This study was carried out in the Central Region of Uganda, where most of the final tomato transactions are carried out. The sampling was focused on the markets to look at what final consumers take to their homes, and farms to look at the practice and what goes to the markets.

Farm visits and interviews revealed that 3 out of the 4 farmers had received some training on pesticide use from the National Agricultural Advisory Services, a body responsible for enhancing agricultural production in Uganda. The common dithiocarbamate applied was mancozeb (concentration: 80% wettable powder) and its preharvest application interval was 1–2 days, as opposed to the manufacturers’ recommendations of 3–7 days. The reason given for this short pre-harvest interval was to prolong the shelf-life of tomatoes; also, vendors required visible signs of mancozeb. The visible signs included off-white powder on the tomatoes, which gave confidence to vendors that the tomatoes would last longer. It was also observed that none of the farmers followed package label instructions for dilution of the powder. Every farmer confessed to adding more powdered mancozeb per unit volume of water than advised. Information obtained from mancozeb packets found at farms indicated that the recommended dosages ranged from 40–50 g mancozeb per 20 liters of water. However, the actual dosages applied ranged from 125–300 g mancozeb per 20 liters of water, showing that farmers applied 3 to 6 times more mancozeb than recommended by the manufacturers. Some farmers used more than the recommended dosages because they assumed that some of the products had been diluted prior to sale. This arose from past experience of recommended dosages resulting in very dilute solutions that did not serve the intended purpose.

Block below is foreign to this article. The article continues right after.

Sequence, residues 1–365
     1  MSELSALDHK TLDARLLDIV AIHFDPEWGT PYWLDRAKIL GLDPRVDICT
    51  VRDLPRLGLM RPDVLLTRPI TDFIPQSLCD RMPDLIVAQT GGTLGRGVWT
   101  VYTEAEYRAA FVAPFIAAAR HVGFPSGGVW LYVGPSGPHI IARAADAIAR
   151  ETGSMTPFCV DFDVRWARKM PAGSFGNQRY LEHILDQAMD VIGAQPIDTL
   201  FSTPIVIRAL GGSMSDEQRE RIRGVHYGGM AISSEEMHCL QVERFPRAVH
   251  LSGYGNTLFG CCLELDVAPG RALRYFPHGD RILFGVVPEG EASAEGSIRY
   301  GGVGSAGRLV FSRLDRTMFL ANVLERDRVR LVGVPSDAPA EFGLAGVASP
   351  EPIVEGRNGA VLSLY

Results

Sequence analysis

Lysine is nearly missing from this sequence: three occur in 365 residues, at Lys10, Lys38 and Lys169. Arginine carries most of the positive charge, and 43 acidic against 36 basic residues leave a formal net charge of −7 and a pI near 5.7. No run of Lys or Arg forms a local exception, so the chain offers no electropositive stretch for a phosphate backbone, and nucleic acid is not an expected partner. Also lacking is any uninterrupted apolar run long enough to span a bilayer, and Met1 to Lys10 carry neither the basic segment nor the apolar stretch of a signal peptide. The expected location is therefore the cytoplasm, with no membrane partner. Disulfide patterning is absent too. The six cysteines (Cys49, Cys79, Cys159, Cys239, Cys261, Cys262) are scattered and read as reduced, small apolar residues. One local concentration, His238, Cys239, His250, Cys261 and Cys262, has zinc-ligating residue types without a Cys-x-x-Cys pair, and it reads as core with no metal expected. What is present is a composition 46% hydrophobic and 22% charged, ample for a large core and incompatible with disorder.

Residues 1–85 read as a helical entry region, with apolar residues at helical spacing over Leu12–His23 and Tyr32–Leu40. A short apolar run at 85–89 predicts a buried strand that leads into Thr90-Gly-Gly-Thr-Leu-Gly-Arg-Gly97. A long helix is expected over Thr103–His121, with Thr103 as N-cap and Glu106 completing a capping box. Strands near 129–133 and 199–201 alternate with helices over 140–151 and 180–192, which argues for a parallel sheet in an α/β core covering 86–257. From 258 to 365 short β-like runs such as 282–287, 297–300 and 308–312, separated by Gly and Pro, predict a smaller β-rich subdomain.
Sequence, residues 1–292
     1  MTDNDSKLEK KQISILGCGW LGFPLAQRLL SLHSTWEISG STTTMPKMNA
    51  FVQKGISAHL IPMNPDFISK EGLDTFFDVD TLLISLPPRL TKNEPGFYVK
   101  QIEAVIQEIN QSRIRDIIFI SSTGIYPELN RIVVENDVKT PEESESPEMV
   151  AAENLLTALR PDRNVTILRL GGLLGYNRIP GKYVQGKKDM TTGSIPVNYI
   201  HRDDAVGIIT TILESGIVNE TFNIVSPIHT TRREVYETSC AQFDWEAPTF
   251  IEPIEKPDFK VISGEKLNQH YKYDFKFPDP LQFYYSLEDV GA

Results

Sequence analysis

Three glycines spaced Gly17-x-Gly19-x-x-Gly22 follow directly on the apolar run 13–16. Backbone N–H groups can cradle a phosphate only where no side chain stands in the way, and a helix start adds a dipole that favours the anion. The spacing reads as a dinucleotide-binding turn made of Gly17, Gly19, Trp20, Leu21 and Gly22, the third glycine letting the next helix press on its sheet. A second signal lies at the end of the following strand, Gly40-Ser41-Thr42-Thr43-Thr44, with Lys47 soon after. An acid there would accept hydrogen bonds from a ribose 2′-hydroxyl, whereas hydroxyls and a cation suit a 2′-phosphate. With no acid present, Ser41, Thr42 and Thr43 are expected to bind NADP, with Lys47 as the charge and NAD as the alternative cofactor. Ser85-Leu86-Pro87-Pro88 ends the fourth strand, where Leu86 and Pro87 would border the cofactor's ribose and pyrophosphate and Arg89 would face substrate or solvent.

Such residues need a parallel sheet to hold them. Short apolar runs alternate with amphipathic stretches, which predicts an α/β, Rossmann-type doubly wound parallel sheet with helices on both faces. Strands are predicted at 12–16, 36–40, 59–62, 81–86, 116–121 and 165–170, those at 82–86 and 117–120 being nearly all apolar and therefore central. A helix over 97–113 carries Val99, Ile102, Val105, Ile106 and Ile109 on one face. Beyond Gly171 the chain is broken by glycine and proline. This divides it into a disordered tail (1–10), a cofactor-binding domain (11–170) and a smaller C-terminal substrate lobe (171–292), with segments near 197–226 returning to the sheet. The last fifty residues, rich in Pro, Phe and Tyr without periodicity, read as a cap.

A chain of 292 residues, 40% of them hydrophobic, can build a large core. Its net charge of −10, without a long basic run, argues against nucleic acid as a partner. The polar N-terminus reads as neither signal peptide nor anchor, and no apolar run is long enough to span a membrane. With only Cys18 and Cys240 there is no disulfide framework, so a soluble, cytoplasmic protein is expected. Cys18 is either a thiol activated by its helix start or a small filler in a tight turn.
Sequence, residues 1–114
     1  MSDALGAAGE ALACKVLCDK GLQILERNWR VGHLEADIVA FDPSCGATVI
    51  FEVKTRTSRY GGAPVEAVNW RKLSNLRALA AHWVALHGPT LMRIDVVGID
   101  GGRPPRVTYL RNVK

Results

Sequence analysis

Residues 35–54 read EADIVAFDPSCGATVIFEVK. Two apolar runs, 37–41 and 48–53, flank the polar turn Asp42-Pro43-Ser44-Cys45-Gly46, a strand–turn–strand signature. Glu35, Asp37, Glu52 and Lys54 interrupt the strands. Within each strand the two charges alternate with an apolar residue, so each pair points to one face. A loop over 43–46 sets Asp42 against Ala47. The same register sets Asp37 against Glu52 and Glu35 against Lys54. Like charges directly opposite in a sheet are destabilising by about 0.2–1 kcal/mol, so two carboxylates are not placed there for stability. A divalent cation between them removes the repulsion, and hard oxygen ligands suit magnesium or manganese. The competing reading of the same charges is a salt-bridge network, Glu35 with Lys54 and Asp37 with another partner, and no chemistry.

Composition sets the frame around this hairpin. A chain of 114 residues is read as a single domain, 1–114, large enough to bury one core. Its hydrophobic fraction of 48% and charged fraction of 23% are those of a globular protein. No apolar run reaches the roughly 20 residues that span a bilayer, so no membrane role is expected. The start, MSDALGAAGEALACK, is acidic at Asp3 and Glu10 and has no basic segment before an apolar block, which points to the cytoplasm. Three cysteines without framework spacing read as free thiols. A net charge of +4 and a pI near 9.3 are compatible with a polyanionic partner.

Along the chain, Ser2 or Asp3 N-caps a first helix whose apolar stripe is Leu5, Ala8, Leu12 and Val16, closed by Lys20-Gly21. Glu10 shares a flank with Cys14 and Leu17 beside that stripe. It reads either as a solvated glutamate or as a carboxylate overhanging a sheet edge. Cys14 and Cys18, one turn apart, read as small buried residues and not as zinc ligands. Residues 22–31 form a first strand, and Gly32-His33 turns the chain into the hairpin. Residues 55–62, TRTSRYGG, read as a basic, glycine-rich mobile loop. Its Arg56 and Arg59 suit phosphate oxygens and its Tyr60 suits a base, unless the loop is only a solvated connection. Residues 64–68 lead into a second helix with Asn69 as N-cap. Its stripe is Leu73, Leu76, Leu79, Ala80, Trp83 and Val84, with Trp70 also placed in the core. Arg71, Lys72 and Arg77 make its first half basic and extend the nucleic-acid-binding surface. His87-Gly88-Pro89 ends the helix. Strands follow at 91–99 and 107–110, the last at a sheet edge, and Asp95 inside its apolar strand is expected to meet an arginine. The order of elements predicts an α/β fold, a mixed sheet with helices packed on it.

It was observed that none of the farmers used personal protection equipment during the application of macozeb nor during harvesting. This could be attributed to the low level of awareness about the toxicity of mancozeb and the sheer lack of personal protective equipment.

For full details, the results from this study were published in the journal of health and pollution (black smith) pure earth. http://dx.doi.org/10.5696/i2156-9614-5-8.1Tagged agriculturefarmfungicideresearchtoxicology

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